Although the programme of the NFM Leopoldinum Orchestra’s concert with Alexander Sitkovetsky includes works by two British and one Polish composers, all these pieces were written in England. They are also linked by the authors’ liking for displaying beautiful, singing melodies.
At the beginning of the concert, the musicians will present the Saint Paul Suite op. 29 no. 2 by Gustav Holst, which consists of four movements: Jig, Ostinato, Intermezzo and Finale (The Dargason). The piece was written for the St Paul’s Girls’ School orchestra, where the composer worked from 1905–1934. He was a valued and liked teacher, and he willingly wrote simple pieces to be performed by the students of this institution. The last link in the suite, The Dargason, is a string arrangement of the fourth movement Suite No. 2 in F major op. 28 no. 2. The title tune is a folk dance that was included in The English Dancing Master, published by John Playford in 1651. This part of the Suite also includes a quote from another popular old English melody – Greensleeves.
The Violin Concerto by Andrzej Panufnik, commissioned by his friend Yehudi Menuhin, is completely different. The composer accepted the offer with joy, and for him writing the piece was a return to the world of his childhood. The artist’s father was a violin maker, and the future composer’s youth was filled with the smells of wood and varnish, as well as the sight of instruments created in the workshop. These experiences influenced the reflective, warm and lyrical tone of the piece. They also made the composer living in England decide to write the third movement in the rhythm of a joyful oberek. Panufnik wrote: ‘I composed a piece that was to show the soul of the performer rather than turn the fretboard into a gymnasium for jumping fingers.’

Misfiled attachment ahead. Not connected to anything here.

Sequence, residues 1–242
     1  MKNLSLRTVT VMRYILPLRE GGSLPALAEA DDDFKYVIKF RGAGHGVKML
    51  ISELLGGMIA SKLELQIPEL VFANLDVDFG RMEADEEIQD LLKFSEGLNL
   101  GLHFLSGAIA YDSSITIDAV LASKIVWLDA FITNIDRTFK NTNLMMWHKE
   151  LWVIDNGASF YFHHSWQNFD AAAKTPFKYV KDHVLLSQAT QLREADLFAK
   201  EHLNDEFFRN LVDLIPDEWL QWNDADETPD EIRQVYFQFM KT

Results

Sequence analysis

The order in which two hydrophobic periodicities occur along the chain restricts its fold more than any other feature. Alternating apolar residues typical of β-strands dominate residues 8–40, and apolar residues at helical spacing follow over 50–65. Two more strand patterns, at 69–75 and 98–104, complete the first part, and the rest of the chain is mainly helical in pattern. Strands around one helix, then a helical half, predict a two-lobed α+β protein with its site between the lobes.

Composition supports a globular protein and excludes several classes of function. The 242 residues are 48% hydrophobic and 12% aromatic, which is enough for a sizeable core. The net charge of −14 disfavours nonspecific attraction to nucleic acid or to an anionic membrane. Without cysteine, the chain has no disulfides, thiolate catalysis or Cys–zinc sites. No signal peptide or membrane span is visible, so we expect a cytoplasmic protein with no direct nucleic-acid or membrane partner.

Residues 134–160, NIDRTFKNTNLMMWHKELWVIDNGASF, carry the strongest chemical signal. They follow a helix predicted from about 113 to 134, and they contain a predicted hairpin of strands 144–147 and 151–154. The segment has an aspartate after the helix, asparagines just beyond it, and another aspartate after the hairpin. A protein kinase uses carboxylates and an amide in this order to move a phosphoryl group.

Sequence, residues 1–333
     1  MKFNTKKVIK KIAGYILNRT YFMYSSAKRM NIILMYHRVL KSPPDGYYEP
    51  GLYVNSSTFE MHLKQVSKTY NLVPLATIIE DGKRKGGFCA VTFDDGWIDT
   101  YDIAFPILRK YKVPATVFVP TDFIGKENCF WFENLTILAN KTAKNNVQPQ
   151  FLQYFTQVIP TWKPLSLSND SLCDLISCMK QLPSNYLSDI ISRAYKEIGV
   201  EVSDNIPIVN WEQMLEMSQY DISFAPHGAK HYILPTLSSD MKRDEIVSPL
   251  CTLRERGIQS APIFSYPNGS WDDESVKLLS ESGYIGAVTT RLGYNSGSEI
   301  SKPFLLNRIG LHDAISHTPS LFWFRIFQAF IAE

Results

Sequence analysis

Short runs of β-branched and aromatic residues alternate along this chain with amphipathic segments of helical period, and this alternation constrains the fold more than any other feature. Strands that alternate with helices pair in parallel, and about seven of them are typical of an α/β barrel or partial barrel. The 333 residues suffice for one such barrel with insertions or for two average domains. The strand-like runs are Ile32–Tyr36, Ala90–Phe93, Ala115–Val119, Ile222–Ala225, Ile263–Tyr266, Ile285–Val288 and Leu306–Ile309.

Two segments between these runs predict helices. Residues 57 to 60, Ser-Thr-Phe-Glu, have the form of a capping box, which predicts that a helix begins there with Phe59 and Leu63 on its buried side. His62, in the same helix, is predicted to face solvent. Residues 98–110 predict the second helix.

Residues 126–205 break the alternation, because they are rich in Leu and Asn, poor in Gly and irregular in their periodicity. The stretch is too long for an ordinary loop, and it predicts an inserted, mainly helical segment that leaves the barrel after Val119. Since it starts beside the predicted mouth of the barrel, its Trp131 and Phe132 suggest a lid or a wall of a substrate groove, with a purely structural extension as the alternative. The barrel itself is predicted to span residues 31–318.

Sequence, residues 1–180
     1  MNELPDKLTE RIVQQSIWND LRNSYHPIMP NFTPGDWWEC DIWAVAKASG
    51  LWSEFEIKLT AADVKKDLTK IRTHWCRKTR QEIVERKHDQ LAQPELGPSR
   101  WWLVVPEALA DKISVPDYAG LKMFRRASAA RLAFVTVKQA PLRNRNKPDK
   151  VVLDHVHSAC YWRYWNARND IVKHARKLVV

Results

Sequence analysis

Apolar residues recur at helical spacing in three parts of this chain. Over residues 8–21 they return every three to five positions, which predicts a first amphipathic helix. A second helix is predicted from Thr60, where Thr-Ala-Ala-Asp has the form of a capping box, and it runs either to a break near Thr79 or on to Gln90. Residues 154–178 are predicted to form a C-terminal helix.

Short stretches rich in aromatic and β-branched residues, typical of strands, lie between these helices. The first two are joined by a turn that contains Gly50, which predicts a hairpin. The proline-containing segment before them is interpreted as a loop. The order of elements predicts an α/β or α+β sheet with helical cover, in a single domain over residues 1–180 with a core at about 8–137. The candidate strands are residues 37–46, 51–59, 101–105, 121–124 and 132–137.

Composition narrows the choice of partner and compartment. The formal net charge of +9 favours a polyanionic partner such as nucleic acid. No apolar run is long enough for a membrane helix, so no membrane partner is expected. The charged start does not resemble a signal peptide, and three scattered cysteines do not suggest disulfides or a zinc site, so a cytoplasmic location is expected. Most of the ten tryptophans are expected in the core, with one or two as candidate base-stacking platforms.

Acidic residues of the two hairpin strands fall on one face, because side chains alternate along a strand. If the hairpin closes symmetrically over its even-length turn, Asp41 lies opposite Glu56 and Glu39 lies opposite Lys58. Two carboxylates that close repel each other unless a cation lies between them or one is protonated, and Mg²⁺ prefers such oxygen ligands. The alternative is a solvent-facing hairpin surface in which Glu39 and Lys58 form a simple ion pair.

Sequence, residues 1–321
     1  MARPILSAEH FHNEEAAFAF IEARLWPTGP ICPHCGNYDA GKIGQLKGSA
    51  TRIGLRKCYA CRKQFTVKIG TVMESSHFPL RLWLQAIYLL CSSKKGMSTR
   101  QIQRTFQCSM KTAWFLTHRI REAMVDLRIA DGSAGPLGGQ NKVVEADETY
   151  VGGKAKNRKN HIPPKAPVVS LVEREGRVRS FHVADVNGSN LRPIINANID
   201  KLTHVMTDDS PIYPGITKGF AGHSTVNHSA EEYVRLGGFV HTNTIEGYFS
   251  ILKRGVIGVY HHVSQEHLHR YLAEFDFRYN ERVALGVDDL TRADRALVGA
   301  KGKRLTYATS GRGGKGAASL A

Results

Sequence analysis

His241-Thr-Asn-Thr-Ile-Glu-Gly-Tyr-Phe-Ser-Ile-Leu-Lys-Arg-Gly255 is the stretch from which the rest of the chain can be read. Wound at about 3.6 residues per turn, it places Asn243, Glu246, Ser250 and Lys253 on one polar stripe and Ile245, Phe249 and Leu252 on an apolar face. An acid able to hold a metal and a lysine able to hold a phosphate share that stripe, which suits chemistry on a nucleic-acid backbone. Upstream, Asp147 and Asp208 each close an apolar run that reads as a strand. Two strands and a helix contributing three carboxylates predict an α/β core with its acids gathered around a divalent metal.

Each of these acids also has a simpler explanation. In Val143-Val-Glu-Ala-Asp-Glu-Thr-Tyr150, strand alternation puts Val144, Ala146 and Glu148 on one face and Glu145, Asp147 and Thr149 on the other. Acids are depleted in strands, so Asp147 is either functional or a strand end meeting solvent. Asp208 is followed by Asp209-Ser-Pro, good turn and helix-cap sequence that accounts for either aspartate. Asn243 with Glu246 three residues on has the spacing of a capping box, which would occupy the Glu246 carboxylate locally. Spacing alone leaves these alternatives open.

The evening will end with Britten’s Variations on a Theme of Frank Bridge op. 10. They were commissioned by the conductor Louis Boyd Neel, who premiered them with his orchestra that same year at the Salzburg Festival. This concert was the beginning of the British composer’s spectacular career as a composer. Frank Bridge was his teacher, supporting and inspiring him, and Britten spoke of him with appreciation and fond feelings for many years after graduation. The work consists of an introduction and ten variations, each with a separate title and expressing a different side of Bridge’s character: Adagio, March, Romance, Aria italiana, Bourrée classique, Wiener Waltzer, Moto perpetuo, Funeral March, Chant and Fugue, and Finale. It is also a display of the young artist’s inventiveness manifested in a great variety of styles – some sections bring to mind the music of Rossini, while others of Ravel or Stravinsky.